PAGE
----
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Little girl doing at home school

Keep Your Kids Engaged During At-Home Learning & Ease the Transition Back to Campus

a school counselor’s advice

Guest contributor and school counselor Emily Bush shared her tips on how to keep your kids engaged while doing at-home learning as well as ways to ease their transition back to in-person schooling.


With schools working to create a safe environment for students and teachers, and parents struggling to find the best option, many are faced with a new school year of virtual learning, in-person learning or some kind of blended option. With so many questions hovering, children can struggle to focus in a new environment.

How do you keep your children engaged at home, and how do you ensure a smooth transition when they return to the classroom? Here are some ideas:

Practice asking questions and getting the teacher’s attention.

The best way for children to remain invested in learning, whether in the classroom or at home, is developing a good teacher-child relationship. While physical distance might slow the development of this relationship, have your child practice asking questions when confused, getting the teacher’s attention (appropriately and politely) and expressing feelings about school to the teacher. Role-play different scenarios with your children to boost their confidence and equip them to advocate for their at-home learning needs.

Walk your child to school.

Physical activity is a great way to get a brain ready for the day. After a hearty breakfast, have your children pack their backpacks with their homework and school supplies and take a walk with you around the block. Chat with your children about school and what they are anticipating in the coming day. This simple routine will help children have all the needed school materials ready to go and get their minds and bodies ready to learn.

Create a calm, structured learning space.

Our minds associate spaces with repeated activities and automatically activate the emotions associated with that activity. Having a dedicated space for learning and separate space for relaxation will help students be alert when necessary and be able to destress when the school day is over. Behaviors such as studying in bed can create confusion, causing drowsiness while working and then interrupting sleep at night.


While some students have been back on campus for weeks, others are slowly preparing to return. It is important to help children be prepared, with a few things to keep in mind for re-entering the school building:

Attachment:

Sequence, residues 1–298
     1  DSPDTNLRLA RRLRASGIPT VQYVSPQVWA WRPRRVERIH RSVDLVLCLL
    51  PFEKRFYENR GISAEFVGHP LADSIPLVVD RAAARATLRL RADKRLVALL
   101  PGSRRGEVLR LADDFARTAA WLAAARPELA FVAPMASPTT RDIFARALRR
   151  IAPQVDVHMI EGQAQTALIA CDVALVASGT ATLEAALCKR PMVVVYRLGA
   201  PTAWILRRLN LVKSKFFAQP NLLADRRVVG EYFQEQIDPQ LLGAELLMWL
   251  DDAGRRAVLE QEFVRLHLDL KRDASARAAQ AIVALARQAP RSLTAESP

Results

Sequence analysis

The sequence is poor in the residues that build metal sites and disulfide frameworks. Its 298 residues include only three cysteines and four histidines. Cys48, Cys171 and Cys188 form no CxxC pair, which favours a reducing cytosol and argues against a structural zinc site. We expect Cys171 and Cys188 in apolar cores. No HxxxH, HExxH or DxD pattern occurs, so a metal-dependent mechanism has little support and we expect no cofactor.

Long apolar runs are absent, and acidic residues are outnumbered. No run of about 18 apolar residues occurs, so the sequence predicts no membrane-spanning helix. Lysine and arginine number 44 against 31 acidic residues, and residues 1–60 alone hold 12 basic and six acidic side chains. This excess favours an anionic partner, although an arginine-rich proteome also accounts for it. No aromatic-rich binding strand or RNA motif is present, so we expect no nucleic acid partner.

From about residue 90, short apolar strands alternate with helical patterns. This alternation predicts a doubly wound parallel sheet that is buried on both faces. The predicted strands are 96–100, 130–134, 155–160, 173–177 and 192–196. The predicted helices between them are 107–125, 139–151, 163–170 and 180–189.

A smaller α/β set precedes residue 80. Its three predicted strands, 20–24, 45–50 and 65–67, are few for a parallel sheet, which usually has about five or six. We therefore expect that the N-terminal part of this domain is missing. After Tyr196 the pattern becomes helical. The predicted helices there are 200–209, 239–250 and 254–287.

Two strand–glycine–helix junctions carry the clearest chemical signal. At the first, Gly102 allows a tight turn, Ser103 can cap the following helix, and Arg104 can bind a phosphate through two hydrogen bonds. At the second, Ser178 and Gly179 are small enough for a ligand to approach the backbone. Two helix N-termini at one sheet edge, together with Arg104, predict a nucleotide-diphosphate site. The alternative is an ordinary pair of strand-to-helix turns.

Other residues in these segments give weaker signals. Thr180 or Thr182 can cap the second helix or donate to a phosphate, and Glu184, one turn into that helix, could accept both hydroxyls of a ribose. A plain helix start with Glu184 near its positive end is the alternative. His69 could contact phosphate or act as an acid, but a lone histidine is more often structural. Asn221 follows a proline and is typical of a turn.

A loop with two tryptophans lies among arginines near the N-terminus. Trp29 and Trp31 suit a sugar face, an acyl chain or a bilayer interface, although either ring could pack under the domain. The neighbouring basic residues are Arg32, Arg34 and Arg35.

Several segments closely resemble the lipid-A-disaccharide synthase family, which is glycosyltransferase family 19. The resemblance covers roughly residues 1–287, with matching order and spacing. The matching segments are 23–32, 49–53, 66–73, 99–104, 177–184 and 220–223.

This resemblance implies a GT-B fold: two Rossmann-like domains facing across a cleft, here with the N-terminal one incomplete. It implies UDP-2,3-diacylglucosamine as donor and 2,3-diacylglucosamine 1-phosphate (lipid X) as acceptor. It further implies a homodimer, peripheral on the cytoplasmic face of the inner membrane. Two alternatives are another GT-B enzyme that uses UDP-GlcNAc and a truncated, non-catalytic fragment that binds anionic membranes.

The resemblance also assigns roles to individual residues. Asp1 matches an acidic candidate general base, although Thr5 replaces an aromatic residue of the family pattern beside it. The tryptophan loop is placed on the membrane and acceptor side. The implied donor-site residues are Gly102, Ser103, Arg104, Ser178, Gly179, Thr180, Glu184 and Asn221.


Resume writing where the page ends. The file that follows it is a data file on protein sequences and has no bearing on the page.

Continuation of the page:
Practice wearing masks.

When schools are able to resume meeting in person, rules and regulations will vary. However, anticipate added protocols to reduce the spread of disease. The CDC states that wearing a mask is the most effective way to mitigate the spread of COVID-19. Children (and adults) will become more comfortable wearing masks over time, but practicing before the start of in-person school can reduce discomfort and anxiety. Have children play with you (while wearing their masks) at home for 15–30 minutes at a time to help them get used to them.

Create a weekly check-in.

Set a weekly 30-minute playdate with your child. Use this time to reconnect and enjoy each other. This anticipated time will also provide a regular opportunity for your child to share any worries or concerns about school.

Care for all types of jitters.

Returning to school can cause anticipation and worry during normal times, but anxiety may be heightened this year due to increased health concerns. Young children tend to focus their worry on concrete fears (i.e., spiders, forgetting a lunchbox at home or having the wrong color shoes) rather than abstract concepts (a microscopic virus and economic stress); however, children do often internalize the fears of their guardians. Look for increased separation anxiety, nightmares and fear of the dark or other physical dangers. Collaborate with your child to create a plan and equip them with strategies to address their fears.

As we all grapple with this year’s challenges and work to find the best solution for our children, know that their level of engagement or excitement may differ from “normal” school years. Give them the space they need to adjust to new rules, and give your whole family permission to safely express the wide range of emotions our current situation may create.


Emily Bush, MS, LPC, is the lower school counselor at Trinity Christian Academy (TCA) in Addison.

Image courtesy of iStock.